Make the best senior care decision
Knowing how to comfort a dying loved one is challenging and heart-wrenching. Whether you feel pressure to come up with the right words, or you’re not sure where to begin, your feelings are normal. Fortunately, there are things you can say or write to help you and your loved one feel more at peace.
When talking to your loved one, focus on their needs. Everyone is comforted by different things. Small gestures, such as holding their hand or rubbing their back may feel relaxing or comforting to some. Others may find solace in tangible items, such as photo albums or mementos.
“One of the most important concepts in the field of grief and loss is that people drift in and out of the awareness of dying,” says Kenneth Doka, a senior consultant to the Hospice Foundation of America, and professor emeritus of gerontology at the graduate school of The College of New Rochelle. “Sometimes they do talk about it, sometimes not. The dying one should control the agenda. Don’t force conversations on them.”
When your loved one feels ready to talk, the following suggestions can be comforting ways to begin a conversation:
Sometimes all it takes is three words to give someone the greatest feeling of comfort. During these uncertain times, don’t forget to make your feelings known.
We all express love differently, so whether you express it best verbally or through drawings, cards, or letters, simply let them know they’re loved and cared for.
Dying people typically want to hear (and say) four things, writes Dr. Ira Byock, professor of palliative medicine at Dartmouth-Hitchcock Medical Center in his book “The Four Things That Matter Most”:
Our free tool provides options, advice, and next steps based on your unique situation.
If any of these seem fitting — whether you need to make peace, forgive, love, or simply thank them for anything they’ve done — remain open to different conversations.
Sometimes it’s better to show rather than tell. Reflect on the happy times you shared with your loved one, even if it was many years ago. Recount old stories that may inspire laughter or the feeling of a life well-lived.
“People often approach death by making sure their life had significance,” says Doka. “Have conversations about the things they’ve learned, the legacies they’ve left, the memories you have of them. Help them feel like they were important.”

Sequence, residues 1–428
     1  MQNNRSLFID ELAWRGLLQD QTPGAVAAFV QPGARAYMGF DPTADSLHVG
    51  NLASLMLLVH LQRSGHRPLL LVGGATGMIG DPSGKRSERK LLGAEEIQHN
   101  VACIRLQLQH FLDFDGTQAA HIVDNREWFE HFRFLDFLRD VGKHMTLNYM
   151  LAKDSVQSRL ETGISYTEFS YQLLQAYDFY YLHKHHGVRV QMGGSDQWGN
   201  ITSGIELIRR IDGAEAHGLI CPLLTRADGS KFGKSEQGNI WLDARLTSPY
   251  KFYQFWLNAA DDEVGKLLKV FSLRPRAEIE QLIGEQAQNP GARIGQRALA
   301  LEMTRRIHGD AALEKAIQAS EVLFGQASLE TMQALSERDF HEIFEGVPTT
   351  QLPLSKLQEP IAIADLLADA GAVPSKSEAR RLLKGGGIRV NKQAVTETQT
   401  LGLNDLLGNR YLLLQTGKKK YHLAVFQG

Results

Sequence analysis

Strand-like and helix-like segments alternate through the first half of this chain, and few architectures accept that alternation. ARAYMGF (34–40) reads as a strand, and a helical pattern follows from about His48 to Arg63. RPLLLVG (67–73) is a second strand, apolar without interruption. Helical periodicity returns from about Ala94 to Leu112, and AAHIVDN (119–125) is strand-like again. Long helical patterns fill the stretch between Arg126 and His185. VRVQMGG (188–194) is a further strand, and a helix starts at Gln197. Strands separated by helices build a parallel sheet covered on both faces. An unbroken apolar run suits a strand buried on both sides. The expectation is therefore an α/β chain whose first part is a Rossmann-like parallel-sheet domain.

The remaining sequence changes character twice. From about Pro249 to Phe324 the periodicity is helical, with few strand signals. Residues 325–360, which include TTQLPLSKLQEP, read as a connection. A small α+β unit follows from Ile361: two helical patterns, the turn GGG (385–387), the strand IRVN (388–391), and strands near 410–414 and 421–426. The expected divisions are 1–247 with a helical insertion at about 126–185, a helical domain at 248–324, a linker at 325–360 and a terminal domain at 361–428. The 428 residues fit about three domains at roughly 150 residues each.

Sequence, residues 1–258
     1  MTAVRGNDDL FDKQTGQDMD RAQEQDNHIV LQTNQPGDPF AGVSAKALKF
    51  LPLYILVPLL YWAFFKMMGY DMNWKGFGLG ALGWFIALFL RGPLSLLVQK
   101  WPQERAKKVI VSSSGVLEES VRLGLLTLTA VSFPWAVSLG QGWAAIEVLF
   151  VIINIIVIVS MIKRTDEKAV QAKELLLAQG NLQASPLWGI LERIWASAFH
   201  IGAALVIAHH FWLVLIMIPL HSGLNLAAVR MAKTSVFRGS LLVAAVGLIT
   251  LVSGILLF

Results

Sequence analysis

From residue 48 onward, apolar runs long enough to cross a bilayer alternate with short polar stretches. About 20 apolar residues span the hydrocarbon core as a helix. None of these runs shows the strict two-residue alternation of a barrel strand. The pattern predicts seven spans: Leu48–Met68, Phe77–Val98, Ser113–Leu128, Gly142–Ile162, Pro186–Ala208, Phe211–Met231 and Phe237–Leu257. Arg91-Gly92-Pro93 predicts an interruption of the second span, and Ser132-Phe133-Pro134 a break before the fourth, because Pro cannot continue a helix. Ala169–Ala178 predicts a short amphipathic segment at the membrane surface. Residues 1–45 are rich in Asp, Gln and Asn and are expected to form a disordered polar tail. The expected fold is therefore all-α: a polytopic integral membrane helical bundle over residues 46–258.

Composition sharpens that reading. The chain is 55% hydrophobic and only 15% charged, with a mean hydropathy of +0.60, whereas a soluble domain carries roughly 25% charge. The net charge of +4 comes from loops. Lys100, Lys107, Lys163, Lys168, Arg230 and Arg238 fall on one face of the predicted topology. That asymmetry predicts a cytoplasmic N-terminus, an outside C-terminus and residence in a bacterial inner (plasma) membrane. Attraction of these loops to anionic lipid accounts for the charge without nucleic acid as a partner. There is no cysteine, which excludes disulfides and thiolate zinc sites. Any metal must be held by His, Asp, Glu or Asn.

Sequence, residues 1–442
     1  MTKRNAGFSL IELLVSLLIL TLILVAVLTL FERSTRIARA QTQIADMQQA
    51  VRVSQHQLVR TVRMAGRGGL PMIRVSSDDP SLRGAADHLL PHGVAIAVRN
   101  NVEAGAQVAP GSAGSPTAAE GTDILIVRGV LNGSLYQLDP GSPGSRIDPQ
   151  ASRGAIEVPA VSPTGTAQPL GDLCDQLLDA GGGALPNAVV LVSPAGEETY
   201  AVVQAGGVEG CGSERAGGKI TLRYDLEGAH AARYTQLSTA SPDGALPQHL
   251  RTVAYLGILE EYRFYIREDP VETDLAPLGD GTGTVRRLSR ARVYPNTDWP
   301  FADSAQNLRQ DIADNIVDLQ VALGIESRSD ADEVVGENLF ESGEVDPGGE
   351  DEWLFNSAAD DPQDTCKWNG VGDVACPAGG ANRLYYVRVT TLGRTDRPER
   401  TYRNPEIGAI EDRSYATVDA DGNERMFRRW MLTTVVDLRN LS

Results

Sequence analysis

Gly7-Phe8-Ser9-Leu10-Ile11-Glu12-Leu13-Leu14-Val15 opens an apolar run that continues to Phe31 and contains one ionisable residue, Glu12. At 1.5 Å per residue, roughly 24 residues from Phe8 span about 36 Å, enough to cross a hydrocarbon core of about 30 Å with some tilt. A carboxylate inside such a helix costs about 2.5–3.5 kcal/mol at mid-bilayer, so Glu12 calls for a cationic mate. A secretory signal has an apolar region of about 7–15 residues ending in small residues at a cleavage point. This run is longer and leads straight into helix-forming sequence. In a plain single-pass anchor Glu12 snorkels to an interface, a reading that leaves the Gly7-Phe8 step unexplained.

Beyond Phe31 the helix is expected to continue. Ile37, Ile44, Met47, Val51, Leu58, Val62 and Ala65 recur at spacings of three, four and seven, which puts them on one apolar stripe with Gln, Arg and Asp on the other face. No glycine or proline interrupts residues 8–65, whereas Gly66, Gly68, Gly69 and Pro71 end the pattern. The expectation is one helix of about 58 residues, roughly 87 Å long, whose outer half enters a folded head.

As experts like Doka note, when people are about to die, one of the things they cherish most is the feeling that they mattered, and that they were important to someone… that they were important to you. Here are some examples of how to begin:
Everyone approaches their mortality differently. Some will find it important to mend relationships with family or friends, while others will prefer to focus on finding ways to remember accomplishments or airing out old regrets.
Either way, it’s important to give your loved one a chance to open up and process what they’ve experienced, as well as what’s to come. Now can be the best time to talk about memories, share stories, or discuss lessons learned.
Here are several questions to ask your loved one before they die:
There’s no perfect or easy way to navigate these moments or conversations. Above all, do your best to remain authentic, supportive, and understanding. When talking to your loved one, just remember that it’s OK to:
Our advisors help 300,000 families each year find the right senior care for their loved ones.
Open conversation or not, there are some thoughts one should generally avoid saying to someone who is dying.
In many cases, a loved one dies suddenly due to an accident, heart attack, or other event. Sadly, there is little or no time to prepare or say goodbye. But with terminal illnesses like cancer, you can talk about end-of-life issues over months or even years. Yet, because we often don’t know what to say, we may miss out on opportunities to connect deeply with our dying loved one and have conversations we’ll remember and appreciate for years or even decades after they’re gone.
In addition to having meaningful conversations, it’s also important to have your loved one’s affairs in order, according to Brian Carpenter, psychological and brain sciences professor at Washington University in St. Louis. In an interview for the American Psychological Association he suggested asking the three following questions to help eliminate end-of-life stress regarding:
As difficult as it can be to have these discussions, it’ll make it easier to move forward so that you’re able to focus on the present with your loved one.
Don’t forget to nurture yourself during this time, too. Caregivers or family members who need support through a loved one’s death, and the bereavement process, may find it most helpful to turn to others who have been through a similar experience. Grief counseling or therapy can also be positive avenues to pursue when you need professional advice or someone to talk to.
Saying goodbye to your loved one will never be easy. However, staying prepared, asking questions, and having open conversations can help you both find a sense of peace and much-needed comfort in the end.
The information contained in this article is for informational purposes only and is not intended to constitute medical, legal or financial advice or create a professional relationship between A Place for Mom and the reader. Always seek the advice of your health care provider, attorney or financial advisor with respect to any particular matter and do not act or refrain from acting on the basis of anything you have read on this site. Links to third-party websites are only for the convenience of the reader; A Place for Mom does not recommend or endorse the contents of the third-party sites.